A moderate Democrat with a modest war chest is matched up against a much better-funded Republican closely tied to the party.
The Democrat seizes on the Republican-led state Legislature's rejection of a decade's worth of Medicaid money — $51 billion in total — as a sign that the opponent's party has truly lost its way.
And kind words from a popular maverick Republican, Pasco County Tax Collector and former state Rep. Mike Fasano, prove to be a big boost among the vast numbers of nonaffiliated voters in a county that hadn't elected a Democratic state lawmaker in roughly two decades.
All that describes the race in Florida House District 36, in western Pasco County, recently won by Democrat Amanda Murphy.
And, who knows, it might also describe next year's election in Hernando's District 35, where Democratic candidate and former Republican David Welch has challenged Republican Blaise Ingoglia, who is not only close to the party, but a big part of it. His jobs as vice chairman of the Republican Party of Florida and chairman of the party in Hernando helped him raise about $110,000 before Welch even entered the race two weeks ago.
I know. The election is still a long way off. It is impossible to know, for example, whether Welch's backing of Obamacare will turn out well or disastrously. And the timing of the Pasco election, coming at the peak of disgust with Washington Republicans, was ideal.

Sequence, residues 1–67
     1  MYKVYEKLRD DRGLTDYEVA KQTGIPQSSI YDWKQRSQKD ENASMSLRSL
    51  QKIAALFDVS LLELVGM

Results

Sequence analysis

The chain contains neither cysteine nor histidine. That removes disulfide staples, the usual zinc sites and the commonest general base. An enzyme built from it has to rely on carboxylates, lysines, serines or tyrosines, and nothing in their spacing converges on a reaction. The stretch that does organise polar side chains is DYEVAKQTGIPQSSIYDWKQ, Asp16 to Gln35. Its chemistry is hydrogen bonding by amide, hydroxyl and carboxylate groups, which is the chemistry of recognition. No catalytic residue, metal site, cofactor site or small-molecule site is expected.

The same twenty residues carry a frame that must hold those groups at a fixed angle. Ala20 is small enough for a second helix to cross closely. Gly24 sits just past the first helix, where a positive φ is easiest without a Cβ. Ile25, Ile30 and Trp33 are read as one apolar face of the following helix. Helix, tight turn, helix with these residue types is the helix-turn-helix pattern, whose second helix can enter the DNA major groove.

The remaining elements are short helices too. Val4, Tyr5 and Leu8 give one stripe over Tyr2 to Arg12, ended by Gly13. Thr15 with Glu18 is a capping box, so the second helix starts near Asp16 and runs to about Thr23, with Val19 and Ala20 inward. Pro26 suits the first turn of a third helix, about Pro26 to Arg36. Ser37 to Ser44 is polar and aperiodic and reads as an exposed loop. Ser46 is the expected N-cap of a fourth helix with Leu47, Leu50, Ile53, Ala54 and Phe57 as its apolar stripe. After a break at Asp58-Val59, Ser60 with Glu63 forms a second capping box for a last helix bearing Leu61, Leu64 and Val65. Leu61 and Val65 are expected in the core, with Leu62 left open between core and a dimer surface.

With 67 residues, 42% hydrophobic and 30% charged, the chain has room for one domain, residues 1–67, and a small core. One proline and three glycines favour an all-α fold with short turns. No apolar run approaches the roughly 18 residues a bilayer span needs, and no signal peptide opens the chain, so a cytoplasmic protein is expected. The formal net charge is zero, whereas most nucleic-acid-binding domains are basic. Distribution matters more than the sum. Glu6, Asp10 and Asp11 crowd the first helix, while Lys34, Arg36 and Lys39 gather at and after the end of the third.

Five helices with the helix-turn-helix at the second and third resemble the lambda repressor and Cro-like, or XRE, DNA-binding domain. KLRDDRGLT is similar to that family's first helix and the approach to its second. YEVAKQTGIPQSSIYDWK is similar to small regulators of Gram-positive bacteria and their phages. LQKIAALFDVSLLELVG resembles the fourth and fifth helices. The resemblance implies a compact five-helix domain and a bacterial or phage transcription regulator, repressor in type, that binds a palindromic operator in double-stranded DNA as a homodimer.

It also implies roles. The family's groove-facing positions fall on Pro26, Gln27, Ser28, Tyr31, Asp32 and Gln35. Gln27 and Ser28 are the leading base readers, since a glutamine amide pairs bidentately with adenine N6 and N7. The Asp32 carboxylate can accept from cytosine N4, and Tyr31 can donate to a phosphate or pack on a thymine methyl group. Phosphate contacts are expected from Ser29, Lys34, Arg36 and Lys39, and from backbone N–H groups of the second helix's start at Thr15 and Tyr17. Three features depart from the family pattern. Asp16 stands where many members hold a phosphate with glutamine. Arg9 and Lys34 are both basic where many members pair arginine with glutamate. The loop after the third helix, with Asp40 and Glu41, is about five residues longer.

Murphy's Republican opponent, Bill Gunter, obliged her by saying that rejecting Medicaid money for struggling Floridians was a fine idea. Ingoglia, at least in the statements I've seen (he didn't return a phone call seeking an interview), hasn't said much about it.
And, finally, I should point out an obvious difference in the two districts: Democrats enjoy a slight lead in the number of registered voters in the one in Pasco, while Republicans lead by about 3,000 in the Hernando district.
But the advantages of either party are dwarfed by the number of voters without party affiliation — more than 22,000 in District 35.
The district in Hernando is also a lot less Republican than it was before the 2012 redistricting. Gated communities in northwest Hernando and slices of Sumter and Pasco counties — all bright red — were replaced with a more centrist section of northern Hernando.
And if the two districts are now closer in party affiliation, they are almost identical in other ways: about 90 percent white, average age of 46, large numbers of transplanted, not especially hard-line, New York Republicans.
County Commission Chairman David Russell, the former state representative who introduced Ingoglia's campaign announcement, watched Murphy's race closely because of the similarities, he said. He does not, however, expect the same results.
I'm not so sure, especially because Ingoglia, a homebuilder, is known for things like fueling the speculative real estate market and falling behind on his personal property taxes while Welch is known as an advocate for the mentally ill and lowering the cost of sinkhole coverage.
Which is how he got to know Fasano, who has not endorsed him, as he did Murphy, but has given him his trademark seal of approval.
Welch, he said, "would be a great representative for the little guy and gal."